Tax returns, emails and border walls rank among the several hot-button issues of this year’s election season, but Wednesday night the two presidential hopefuls faced off on the topics of military might, veteran’s affairs and national security.
The comfortable lead Clinton had over Trump has tightened with the latest CNN/ORC Poll showing Trump just ahead of the former secretary of state 45 percent to 43 percent, according to CNN. Questions on national security and how the next commander-in-chief plans to prioritize America’s military have continued to crop up, and with Nov. 8 looming, the public is hoping for more detailed plans from the POTUS contenders.
The candidates took the stage on Wednesday night for the first ever Commander-in-Chief Forum presented by NBC. Topics on the table were veteran’s affairs, military issues and national security. Clinton, who spoke first, began the forum by highlighting her experience as secretary of state, but the conversation turned quickly once again to her email scandal.
Clinton reiterated her defense on the email issue and worked to turn the conversation to her experience. She also took issue with Trump's charge that she acted recklessly with U.S. military forces.
"I use force as a last resort, not as a first choice," she said.
She added that her highest military goal is the defeat of ISIS.
Trump said he felt prepared for the role of commander-in-chief by virtue of his experience as an international businessman.
When asked about his temperment, Trump suggested that his leadership was on display during his recent trip to Mexico. He said that despite his maligned temperment, he emerged victorious from a crowded GOP primary stage.
When questioned about his confidence in current military leaders, he said: "I have great faith in the military. I have great faith in the commanders... But I have no faith in Hillary Clinton."
Earlier on Wednesday speaking from Philadelphia, Trump portrayed himself as a defender of traditional Republican values on national security but with a distinct unwillingness to launch new wars in the Middle East. After the Brussels attack in March, Trump said, he would not rule out using nuclear arms against ISIS, CNN reported at the time.
Clinton maintains a strong stance against ISIS, but isn’t just focusing on ground troops in Iraq and Syria, her website stated. “Net-warfare” is the next wave Clinton sees coming in the fight against terror groups.
“As president, I will work with our great tech companies from Silicon Valley to Boston to step up our game,” Clinton said in a speech in the wake of the Orlando massacre in July, Vanity Fair reported. “We have to [do] a better job intercepting ISIS’s communications, tracking and analyzing social-media posts, and mapping jihadist networks, as well as promoting credible voices who can provide alternatives to radicalization.”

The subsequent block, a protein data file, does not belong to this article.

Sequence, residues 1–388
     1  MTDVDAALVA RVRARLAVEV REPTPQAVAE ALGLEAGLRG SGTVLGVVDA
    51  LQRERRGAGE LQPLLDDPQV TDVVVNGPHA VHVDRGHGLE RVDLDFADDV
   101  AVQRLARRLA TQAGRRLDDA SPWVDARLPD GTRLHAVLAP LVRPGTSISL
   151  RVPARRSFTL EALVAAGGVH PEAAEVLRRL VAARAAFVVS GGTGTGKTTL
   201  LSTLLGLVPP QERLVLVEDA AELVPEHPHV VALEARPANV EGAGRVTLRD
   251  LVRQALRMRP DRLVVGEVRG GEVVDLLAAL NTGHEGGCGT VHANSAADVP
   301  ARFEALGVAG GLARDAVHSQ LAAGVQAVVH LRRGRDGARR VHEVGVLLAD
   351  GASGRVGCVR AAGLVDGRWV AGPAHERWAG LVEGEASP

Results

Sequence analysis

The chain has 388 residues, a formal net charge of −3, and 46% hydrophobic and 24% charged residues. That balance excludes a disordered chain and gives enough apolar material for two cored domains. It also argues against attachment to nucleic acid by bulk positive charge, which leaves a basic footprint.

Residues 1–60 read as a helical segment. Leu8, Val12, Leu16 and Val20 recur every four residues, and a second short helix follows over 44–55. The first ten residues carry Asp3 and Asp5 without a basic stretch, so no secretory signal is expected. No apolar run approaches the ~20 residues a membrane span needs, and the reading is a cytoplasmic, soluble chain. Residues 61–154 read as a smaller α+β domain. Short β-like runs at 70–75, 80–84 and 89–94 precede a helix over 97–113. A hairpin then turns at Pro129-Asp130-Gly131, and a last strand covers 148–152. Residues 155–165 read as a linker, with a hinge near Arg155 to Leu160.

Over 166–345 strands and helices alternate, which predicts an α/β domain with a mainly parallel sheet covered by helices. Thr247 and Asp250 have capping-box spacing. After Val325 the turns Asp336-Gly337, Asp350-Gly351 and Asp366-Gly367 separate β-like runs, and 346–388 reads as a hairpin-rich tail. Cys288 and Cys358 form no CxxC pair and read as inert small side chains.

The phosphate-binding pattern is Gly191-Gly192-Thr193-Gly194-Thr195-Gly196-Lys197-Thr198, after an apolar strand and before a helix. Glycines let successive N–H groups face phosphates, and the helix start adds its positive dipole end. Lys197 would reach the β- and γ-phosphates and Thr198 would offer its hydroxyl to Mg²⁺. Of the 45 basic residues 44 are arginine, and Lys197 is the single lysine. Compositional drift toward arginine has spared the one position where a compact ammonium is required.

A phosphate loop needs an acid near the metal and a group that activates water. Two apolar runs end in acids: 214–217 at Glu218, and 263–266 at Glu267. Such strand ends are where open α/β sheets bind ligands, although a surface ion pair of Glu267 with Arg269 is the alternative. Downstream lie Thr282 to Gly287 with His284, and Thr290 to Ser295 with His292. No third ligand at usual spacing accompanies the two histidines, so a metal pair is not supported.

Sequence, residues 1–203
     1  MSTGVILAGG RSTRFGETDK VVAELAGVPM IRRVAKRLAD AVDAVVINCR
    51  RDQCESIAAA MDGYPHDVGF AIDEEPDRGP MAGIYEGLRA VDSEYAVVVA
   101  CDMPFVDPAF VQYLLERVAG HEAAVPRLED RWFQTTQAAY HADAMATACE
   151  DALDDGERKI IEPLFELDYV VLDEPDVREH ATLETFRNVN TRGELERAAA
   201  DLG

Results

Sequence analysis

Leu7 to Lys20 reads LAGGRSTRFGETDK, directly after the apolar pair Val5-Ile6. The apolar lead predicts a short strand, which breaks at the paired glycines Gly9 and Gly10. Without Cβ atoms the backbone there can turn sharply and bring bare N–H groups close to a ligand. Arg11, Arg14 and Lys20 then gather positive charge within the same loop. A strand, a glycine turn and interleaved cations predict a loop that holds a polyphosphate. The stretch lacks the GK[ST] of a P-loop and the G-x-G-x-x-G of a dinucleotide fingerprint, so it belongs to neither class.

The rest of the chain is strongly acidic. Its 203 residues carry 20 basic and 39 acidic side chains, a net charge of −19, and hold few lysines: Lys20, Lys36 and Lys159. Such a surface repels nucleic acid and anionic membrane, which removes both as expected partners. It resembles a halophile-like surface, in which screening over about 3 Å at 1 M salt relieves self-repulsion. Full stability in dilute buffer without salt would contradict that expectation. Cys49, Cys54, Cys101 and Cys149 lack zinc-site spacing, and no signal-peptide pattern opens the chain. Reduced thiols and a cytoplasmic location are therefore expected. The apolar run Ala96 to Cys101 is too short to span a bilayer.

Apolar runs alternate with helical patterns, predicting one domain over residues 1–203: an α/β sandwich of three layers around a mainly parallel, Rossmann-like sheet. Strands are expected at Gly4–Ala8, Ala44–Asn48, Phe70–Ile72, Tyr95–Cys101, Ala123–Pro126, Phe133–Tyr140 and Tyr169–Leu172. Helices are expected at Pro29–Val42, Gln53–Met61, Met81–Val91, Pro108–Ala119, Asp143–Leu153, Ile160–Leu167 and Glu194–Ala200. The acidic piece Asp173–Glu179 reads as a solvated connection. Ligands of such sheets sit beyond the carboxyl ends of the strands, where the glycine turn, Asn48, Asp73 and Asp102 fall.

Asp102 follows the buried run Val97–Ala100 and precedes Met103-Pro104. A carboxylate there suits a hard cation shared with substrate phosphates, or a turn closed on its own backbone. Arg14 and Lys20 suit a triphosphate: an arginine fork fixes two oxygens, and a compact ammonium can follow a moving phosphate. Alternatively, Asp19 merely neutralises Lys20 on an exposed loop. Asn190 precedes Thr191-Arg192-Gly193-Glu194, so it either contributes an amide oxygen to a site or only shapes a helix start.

Both candidates are standing on platforms that promise improved veteran services, from staffing every VA hospital with OBGYNs to expansive mental health care. Trump has even gone so far as to say on his campaign site that he plans to fire Veteran’s Affairs supervisors and revamp the program with new leadership. Clinton said on her campaign site that families of veterans will also receive support, even during the transition back to civilian life.
Clinton and Trump are each in favor of a strong military force. After his New Hampshire primary win, Trump said the U.S. military under him will "be so big, so strong, so powerful, nobody is going mess with us,” MassLive reported at the time.
Clinton, who is not against a strong military, also said she believes that improving incomes of workers at home will lead to a stronger infrastructure. Gun control is also an issue Clinton addresses as a national security issue.
“I believe weapons of war have no place on our streets,” Clinton is quoted as saying on her campaign website. “We may have our disagreements on gun safety regulations, but we should all be able to agree on a few things. If the FBI is watching you for suspected terrorist links, you shouldn’t be able to just go buy a gun with no questions asked. You shouldn’t be able to exploit loopholes and evade criminal background checks by buying online or at a gun show. And yes, if you’re too dangerous to get on a plane, you are too dangerous to buy a gun in America.”
In terms of national security and how to protect the homeland, Trump wants to start with his proposed wall between the U.S. and Mexico. He also plans to take on China by lowering corporate taxes in the U.S. with the assumption that American made goods will cost less as CEOs pass the savings on to the consumers. China, according to Trump’s website, will also have to deal with increased U.S. military in the East and South China Seas.